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Spilling a bit of blood for your team is what Origin's about

It was a courageous decision by the NRL to hold a standalone Women’s State of Origin game last year. But it’s worked out beautifully.

Another great game on Friday night; another great crowd – plenty of men among the women and girls there at North Sydney Oval – and another terrific atmosphere.

Games like that are the best advertisement not just for the women’s game, but for rugby league as a whole.

I know there was some debate about images of NSW five-eighth Kirra Dibb with blood streaming down her face after a cut over her right eye.

Her head was strapped by trainers and she played on but some were asking is this the image the NRL wants to attract young girls to our great game? Or in fact to get the support of parents to let their daughters play league.

What that expresses to me is those players on Friday night love the game of rugby league and they’ll play it out of desire more so than what they look like.

League is a combative sport and it does bring out the best of character in people. It does also inspire people to challenge themselves, but there will be some who think that’s not the right image.

Match Highlights: Women's Origin - NSW v QLD

But you go and talk to those girls who play our game and hear how passionate they are about it.

Spilling a bit of blood doesn’t mean anything. It’s the creation and fulfilment of dreams that they’ve had since they were young. They want to participate at the highest level.

All the doomsayers can have their opinion but you chat with the women players. It might change how you think, because no one has a right to tell people what to do, or how to live their lives.

Certainly at Origin this game should remain standalone.

But internationally the Jillaroos and Kangaroos often play on the same day, as a double-header and I think that’s a tradition that should go on forever. I think the women should play on the big stage, before vast crowds, and in the big moments of our game like the Test arena, playing for their country.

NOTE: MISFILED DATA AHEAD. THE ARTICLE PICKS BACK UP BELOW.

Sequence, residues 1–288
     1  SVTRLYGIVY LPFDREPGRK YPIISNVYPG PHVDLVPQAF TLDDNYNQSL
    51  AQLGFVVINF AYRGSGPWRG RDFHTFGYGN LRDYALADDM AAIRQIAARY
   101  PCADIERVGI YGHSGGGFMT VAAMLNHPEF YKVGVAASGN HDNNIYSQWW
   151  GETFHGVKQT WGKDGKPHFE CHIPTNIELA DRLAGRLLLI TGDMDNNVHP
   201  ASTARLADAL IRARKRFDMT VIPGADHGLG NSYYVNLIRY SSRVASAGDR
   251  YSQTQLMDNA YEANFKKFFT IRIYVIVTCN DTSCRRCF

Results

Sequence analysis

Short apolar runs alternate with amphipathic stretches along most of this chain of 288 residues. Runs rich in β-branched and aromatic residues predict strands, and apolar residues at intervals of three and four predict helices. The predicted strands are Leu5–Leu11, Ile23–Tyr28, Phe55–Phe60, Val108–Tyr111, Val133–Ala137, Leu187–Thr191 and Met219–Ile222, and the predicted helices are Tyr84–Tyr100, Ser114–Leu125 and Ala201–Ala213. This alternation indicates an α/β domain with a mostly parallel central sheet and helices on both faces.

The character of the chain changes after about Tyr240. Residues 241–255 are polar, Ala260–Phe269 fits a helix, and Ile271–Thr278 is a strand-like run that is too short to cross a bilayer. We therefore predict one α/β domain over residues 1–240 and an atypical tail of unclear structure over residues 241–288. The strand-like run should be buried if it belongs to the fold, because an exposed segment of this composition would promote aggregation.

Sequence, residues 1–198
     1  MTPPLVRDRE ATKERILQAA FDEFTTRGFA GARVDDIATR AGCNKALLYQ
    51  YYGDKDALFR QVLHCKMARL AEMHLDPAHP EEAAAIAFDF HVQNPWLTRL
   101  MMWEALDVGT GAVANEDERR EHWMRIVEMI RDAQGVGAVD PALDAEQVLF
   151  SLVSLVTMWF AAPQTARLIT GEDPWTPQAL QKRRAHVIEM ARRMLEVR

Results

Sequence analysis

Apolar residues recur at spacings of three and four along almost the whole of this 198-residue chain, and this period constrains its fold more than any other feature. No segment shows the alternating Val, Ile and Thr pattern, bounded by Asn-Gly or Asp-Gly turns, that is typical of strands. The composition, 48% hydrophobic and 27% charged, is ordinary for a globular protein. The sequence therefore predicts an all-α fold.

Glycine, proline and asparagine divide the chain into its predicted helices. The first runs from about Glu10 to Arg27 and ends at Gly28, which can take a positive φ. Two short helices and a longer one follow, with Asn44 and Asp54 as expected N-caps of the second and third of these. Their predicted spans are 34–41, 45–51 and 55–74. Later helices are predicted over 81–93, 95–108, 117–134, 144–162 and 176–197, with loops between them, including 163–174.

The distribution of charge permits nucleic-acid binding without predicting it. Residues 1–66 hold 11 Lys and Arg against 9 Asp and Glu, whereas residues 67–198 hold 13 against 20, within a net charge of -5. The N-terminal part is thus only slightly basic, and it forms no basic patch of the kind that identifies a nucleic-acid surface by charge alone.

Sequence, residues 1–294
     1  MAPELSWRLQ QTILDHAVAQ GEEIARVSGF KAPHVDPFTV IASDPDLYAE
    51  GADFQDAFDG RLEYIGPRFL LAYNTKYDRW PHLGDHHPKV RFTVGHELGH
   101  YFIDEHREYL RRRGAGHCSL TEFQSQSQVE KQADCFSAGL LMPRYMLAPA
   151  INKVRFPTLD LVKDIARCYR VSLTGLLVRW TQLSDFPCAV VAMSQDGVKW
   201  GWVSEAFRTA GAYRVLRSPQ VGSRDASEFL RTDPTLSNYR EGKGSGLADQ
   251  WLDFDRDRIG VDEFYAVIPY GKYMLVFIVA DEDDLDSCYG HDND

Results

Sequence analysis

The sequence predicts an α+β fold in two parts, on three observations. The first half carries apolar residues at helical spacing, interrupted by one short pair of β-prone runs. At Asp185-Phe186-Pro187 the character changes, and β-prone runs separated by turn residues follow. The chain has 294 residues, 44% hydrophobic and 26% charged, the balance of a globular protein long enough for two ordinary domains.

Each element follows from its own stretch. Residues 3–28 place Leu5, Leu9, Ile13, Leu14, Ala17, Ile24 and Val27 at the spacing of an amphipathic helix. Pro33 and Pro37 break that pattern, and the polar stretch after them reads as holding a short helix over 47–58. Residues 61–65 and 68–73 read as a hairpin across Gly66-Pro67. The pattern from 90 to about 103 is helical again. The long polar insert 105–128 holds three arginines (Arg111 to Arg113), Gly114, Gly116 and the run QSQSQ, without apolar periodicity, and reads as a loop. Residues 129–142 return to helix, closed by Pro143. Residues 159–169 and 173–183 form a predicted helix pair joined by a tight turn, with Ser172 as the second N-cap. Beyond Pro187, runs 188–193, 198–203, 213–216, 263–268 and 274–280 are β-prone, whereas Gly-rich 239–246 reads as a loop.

Again, you ask the girls and they want to run out on Suncorp Stadium or ANZ Stadium to play a World Cup final, or an international on the same day as the men.

Playing those double-headers is not about inequality but it’s all about inclusiveness in bringing the men’s and women’s games together. That’s a hallmark of our game today.

And later this season, in the NRLW we’ll see the grand final as the curtain-raiser to the NRL grand final.

Getting back to Friday night’s game at North Sydney Oval, it was a gutsy effort by the Queenslanders but in the end the speed of the NSW side prevailed.

I’m impressed by the attitude the players put into the contest. It is Origin.

Maddie Studdon awarded Nellie Doherty Medal

Both teams have really bought into the concept of it, of what it means to play for their state. And that’s fantastic.

The competitiveness and willingness to dig deep – they are all traits of Origin and they were very evident in that 14-4 win to NSW. With the amount of ball and field position NSW had in the second half, that score could have been anything but the Queenslanders kept turning up.

NSW controlled possession really well and they came away with a deserved victory.

Again, it was a magnificent night for our game. A real stepping stone for what will keep coming – quality women’s rugby league.

And people have voted with their feet and their money to go watch it.

Acknowledgement of Country

National Rugby League respects and honours the Traditional Custodians of the land and pay our respects to their Elders past, present and future. We acknowledge the stories, traditions and living cultures of Aboriginal and Torres Strait Islander peoples on the lands we meet, gather and play on.

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